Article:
Then the sun rises and solar energy production kicks in. This lets demand for non renewable energy drop until the sun sets, that is. That is when conventional demand shoots up again, way steeper than in the first curve. Two problems with this. One, traditional power plants suck at ramping up this quickly. That means you have to keep them running at a certain output all day, even though there's lots of solar. And that means….

Jenny Chase: That you can end up with actually more power produced in the middle of the day than is used.

Narrator: And that leads to the second problem. There are limits to how much energy you can put into the grid. Too much solar could overpower it, so it needs to be thrown away. This has always made it super difficult to add lots of solar to power systems. But guess what? There is now a solution to this, and chances are you have part of it in front of you right now. A lithiumion battery.

Lithiumion batteries

Gregory Nemet: We're just taking that same construction, stringing together many, many of those cells, and making battery packs that we can use for cars. And then we can also scale that up to use for stationary power to go next to wind parks or solar farms.

Jenny Chase: What's been quite good over the last few years is that batteries have got a lot cheaper as well. And we're now seeing solar projects built with a couple of hours of storage in the battery, so that they could shift solar generation from the middle of the day to the evening, where there's often a peak in electricity demand.

Narrator: In the US, for example, the state of New Mexico just decided to shut down a coal plant and instead build new solar farms that store large amounts of the energy they produce in batteries. Lithiumion batteries have become a lot better and a lot cheaper than expected in the last few years. They're now a viable option for storing and shifting at least a few hours worth of solar energy as needed. So the storage problem that solar always had is actually not that much of a problem anymore. Sometimes, though, we might want longer term storage in places without much sunshine, for example. And that's why companies are offering other solutions. Let's just run through a few.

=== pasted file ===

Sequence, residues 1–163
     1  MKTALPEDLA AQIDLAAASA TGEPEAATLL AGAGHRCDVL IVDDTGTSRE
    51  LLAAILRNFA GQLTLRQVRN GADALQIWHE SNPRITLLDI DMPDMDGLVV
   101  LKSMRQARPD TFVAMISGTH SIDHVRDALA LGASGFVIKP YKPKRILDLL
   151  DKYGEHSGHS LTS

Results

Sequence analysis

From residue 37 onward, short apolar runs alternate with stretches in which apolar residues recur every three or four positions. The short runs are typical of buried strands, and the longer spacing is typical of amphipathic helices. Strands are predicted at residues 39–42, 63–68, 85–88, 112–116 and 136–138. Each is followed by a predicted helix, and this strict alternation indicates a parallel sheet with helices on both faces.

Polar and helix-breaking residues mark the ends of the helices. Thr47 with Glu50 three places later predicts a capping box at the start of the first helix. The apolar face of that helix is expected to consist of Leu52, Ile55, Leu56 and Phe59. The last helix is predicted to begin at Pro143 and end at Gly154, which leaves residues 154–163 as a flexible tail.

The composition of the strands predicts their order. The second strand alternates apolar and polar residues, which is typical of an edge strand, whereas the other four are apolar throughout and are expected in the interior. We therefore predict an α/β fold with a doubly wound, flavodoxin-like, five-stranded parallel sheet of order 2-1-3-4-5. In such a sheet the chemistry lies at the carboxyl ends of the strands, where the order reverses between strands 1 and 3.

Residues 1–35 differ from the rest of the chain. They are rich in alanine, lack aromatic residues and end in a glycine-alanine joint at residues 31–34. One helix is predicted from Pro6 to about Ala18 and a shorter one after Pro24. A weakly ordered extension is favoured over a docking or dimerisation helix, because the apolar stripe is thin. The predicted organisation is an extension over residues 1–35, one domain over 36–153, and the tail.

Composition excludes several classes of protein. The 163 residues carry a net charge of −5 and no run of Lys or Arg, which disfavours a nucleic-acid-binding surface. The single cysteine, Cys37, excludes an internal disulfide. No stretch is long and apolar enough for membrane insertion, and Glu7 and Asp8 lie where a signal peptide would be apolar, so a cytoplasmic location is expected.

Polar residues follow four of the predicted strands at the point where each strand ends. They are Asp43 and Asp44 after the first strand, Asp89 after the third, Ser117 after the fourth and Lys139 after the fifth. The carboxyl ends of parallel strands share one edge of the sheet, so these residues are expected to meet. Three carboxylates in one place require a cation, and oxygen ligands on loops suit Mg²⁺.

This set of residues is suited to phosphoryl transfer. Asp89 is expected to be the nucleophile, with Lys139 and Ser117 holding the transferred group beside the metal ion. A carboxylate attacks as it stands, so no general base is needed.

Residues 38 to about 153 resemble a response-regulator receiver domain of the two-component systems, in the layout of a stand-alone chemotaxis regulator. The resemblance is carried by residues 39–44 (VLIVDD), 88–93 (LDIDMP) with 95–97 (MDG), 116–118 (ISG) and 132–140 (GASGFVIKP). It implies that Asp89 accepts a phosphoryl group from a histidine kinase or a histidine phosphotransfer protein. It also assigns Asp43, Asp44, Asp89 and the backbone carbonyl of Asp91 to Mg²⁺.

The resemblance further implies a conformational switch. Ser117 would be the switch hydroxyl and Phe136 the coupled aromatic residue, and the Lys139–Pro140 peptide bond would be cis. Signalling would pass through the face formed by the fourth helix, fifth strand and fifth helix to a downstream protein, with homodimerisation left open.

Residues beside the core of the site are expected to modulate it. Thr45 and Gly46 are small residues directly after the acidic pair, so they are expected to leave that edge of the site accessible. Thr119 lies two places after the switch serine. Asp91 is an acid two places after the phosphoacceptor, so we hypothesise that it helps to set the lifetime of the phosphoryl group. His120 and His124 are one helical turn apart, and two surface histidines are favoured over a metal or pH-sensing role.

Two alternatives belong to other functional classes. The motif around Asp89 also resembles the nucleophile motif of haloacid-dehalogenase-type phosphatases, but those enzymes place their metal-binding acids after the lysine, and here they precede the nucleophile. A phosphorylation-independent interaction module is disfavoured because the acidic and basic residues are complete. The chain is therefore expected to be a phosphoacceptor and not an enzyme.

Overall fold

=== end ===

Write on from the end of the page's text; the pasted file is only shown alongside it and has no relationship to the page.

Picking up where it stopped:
Narrator: Another type of battery, called a flow battery, separates the charge outside a cell. That has two advantages. It can store more energy and for longer. The problem is they're still relatively expensive. Then there's pumped hydro storage, which is already used quite a bit. You need two lakes, and one of them needs to be in a hill. During the day, you use solar energy to pump water from the lower lake up to the higher lake. When you need energy at night, you can just let it run down through a turbine.

But for that you need to find lakes and, well, a hill. Another solution using gravity comes from a swiss company. It's working on a tower that raises building blocks with solar energy and then releases the energy by lowering them again. But for this too, you need space. And there's also the option of using solar to produce hydrogen. And with that hydrogen, you could then do a number of things like fuel cars, or even make steel. But the whole process is still pretty costly.

Jenny Chase: I think that the storage will mostly be lithiumion. With some hydrogen and maybe a few other options.

Gregory Nemet: There are alternatives. It's just that lithiumion batteries are becoming so flexible and so inexpensive that it'll be hard for these alternatives to compete them. But they do have other attributes, like they hold a charge longer, which could turn out to be play a pretty important role in some applications.

Narrator: Solar has become cheap and has pretty much fixed its biggest problem. So what's next?

Jenny Chase: It's going to be big. It's going to be everywhere. We forecast that even with no further policy, solar would supply about 23% of global electricity by 2050. I personally think it's going to be much higher than that.

Gregory Nemet: I would not be surprised if by 2030, we're talking about solar doing a large part of the world's electricity supply.

Narrator: Solar has come a long, long way. But now that the technology is in place, it really looks like it's time to shine. Now we'd like to hear from you. What are your thoughts on solar energy? Let us know in the comments. And hit subscribe for more videos like this every Friday.